From dump to donation: How the Trans-Jordan Landfill saves bikes and benefits those in need
Feb 14, 2017 12:41PM, Published by Briana Kelley , Categories: Local Life
Trans-Jordan Landfill collected more than 80 bicycles on Memorial Day weekend 2016. These were later donated to the nonprofit organization Bicycle Collective. (Mark Hooyer/Trans-Jordan Landfill)
Gallery: From dump to donation: How the Trans-Jordan Landfill saves bikes and benefits those in need [3 Images] Click any image to expand.
Trans-Jordan Landfill has forged an unlikely partnership with local nonprofit organization Bicycle Collective. The landfill saves and donates dumped bicycles to Bicycle Collective, which then recycles and repairs the bicycles and gifts them to those in need. Trans-Jordan has given 488 bikes to Bicycle Collective since the project began in May 2016.
“Saving bicycles—this is one thing that we could do something about,” said Mark Hooyer, executive director of Trans-Jordan Cities Landfill. “We all have a general astonishment that so many perfectly useful things are thrown away in our culture. Here, though, we could reuse and find a new life for bicycles other than burying it in the landfill.”
Hooyer said the amount of bicycles being thrown away first caught his attention when he was director at Trans-Jordan. An avid cyclist, Hooyer decided to conduct an experiment. He had staff pull out bikes from loads being dumped over Memorial Day weekend in 2016. They collected more than 80 bicycles in two days, a number that “fairly astonished” Hooyer and his staff.
That same week, Hooyer took his daughter’s bicycle to the Bicycle Collective, a nonprofit organization that provides refurbished bicycles and educational programs to the community, focusing on children and lower-income households. As Hooyer learned about the Bicycle Collective’s services and needs, he felt it would be a good fit for the bicycles the Trans-Jordan staff had collected at the landfill.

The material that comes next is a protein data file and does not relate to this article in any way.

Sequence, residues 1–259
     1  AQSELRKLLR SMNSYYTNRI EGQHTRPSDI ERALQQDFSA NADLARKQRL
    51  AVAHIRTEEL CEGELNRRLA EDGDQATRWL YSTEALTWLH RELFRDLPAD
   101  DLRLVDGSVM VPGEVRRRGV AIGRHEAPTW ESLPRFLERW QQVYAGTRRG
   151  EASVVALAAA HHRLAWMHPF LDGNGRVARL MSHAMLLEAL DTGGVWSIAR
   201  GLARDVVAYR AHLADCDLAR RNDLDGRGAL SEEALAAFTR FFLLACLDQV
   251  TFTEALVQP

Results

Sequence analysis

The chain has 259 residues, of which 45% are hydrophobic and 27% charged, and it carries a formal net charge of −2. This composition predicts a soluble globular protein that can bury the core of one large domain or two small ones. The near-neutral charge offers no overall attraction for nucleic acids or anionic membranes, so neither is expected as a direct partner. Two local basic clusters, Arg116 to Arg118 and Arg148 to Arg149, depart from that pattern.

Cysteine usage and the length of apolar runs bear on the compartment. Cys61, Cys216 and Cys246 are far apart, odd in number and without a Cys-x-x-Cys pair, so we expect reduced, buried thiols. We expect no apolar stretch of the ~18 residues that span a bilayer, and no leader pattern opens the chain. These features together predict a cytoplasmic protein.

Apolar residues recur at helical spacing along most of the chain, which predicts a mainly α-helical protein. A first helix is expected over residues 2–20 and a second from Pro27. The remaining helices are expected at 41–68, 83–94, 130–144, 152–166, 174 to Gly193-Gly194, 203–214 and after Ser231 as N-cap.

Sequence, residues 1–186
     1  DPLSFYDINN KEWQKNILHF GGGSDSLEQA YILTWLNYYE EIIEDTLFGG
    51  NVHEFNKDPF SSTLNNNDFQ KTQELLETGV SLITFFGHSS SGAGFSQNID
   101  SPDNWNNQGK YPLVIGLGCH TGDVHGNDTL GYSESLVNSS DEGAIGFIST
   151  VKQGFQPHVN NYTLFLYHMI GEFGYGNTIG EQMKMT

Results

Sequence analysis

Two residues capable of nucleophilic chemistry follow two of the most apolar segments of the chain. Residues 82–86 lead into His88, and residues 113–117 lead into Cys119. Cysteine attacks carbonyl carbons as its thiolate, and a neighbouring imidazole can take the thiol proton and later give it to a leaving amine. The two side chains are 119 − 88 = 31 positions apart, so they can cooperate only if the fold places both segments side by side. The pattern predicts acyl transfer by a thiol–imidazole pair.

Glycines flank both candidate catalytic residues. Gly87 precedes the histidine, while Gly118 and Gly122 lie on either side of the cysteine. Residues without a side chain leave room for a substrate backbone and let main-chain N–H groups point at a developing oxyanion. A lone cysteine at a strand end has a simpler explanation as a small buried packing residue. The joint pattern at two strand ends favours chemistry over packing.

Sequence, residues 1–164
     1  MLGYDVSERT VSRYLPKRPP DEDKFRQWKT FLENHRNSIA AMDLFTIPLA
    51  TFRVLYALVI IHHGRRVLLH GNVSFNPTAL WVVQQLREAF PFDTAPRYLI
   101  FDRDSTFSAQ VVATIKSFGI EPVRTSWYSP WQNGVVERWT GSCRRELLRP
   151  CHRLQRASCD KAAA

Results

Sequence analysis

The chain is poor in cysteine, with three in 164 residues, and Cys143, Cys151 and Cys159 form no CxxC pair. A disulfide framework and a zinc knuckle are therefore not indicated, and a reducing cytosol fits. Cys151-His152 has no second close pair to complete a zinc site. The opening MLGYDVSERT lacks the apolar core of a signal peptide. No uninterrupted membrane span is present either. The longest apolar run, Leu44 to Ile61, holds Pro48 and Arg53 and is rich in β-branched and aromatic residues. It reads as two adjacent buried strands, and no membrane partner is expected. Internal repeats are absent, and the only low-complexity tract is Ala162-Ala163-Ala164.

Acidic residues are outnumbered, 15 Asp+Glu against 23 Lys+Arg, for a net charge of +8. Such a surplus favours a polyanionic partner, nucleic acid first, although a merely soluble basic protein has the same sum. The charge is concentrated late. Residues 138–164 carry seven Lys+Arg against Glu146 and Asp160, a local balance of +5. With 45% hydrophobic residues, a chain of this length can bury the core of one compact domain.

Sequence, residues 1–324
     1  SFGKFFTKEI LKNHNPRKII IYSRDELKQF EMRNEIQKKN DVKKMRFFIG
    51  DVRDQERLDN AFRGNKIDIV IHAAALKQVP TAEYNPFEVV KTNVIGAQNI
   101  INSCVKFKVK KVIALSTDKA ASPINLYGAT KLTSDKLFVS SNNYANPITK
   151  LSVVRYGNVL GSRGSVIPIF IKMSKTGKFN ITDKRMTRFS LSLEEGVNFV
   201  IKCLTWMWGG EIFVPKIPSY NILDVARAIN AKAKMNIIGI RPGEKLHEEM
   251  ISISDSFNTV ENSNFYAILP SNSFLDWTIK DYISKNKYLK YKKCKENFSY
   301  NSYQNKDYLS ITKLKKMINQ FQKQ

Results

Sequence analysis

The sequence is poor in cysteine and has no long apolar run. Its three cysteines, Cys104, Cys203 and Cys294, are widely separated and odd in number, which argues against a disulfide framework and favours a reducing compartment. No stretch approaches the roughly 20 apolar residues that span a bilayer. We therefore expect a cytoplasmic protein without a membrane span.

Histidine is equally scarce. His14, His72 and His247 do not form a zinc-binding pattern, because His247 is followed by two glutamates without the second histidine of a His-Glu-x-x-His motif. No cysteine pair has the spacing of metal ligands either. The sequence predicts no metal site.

“This was the a-hah moment,” Hooyer said. “Here was a business worthy enough and capable enough to receive all of the bicycles we were collecting.”
Trans-Jordan, which is a public facility, moved duly through the proper processes and soon entered into a non-financial contract with Bicycle Collective. Trans-Jordan tracks the number of bicycles and pounds of bicycles that they donate, and the nonprofit makes monthly pick-ups.
Bicycle Collective refurbishes the bicycles for nominal resale and charity purposes. For bicycles too damaged to repair, they use needed parts and pieces and then recycle the unused parts.
“We get a lot of children’s bikes from Trans-Jordan,” said Sam Warrick, Bicycle Collective Salt Lake City operations manager. “There are a lot of bikes that we turn into goodwill bikes, which are bikes that we provide to people in need through various government agencies and charities.”
Bicycle Collective began locally in 2002 and now has bike shops in Salt Lake, Ogden and Provo. The organization provides bicycle repair, bicycle mechanic courses, and certifications and frame-building courses. The Collective also has Earn-A-Bike program for kids and distributes free bikes to the neediest members of the community, according to its website.
“We’re funded primarily by in-kind donations,” Warrick said. “The used bikes that are donated to us, we either sell them to fund our programs or directly donate them to children in need or adults in financial need.”
Residents who are interested in participating can donate used bicycles to the Trans-Jordan Landfill or directly to Bicycle Collective. Those who could benefit from the Collective’s services can contact Sam Warrick at firstname.lastname@example.org or Volunteer Coordinator Matt Woodman at email@example.com. Residents can also visit the website www.bicyclecollective.org/ for more information.
Trans-Jordan also has other programs in place to re-direct and recycle waste. The landfill has a Public Convenience Center (PCC) that recycles helmets and car seats and donates clothing to Big Brothers and Big Sisters of Utah.
Trans-Jordan does not charge for hazardous waste and has a reuse shed that offers items free to the public, including paint, stains, cleaners, automotive products and pesticides. Trans-Jordan likewise does not charge for loads that are fully recyclable, such as cardboard, aluminum, steel, glass, electronic waste, carpet pads and batteries. For more information on its recycling programs, visit transjordan.org/services/.
Any items that arrive on a garbage truck or loads that go down to the landfill cell, however, are not recovered for recycling or reuse with the exception of large metal appliances and tires.
Hooyer said these sustainable practices “give our cities and the community that we serve comfort to know that when they no longer use something that is recyclable it’s not scrapped, but it is reused by others in communities in Utah.”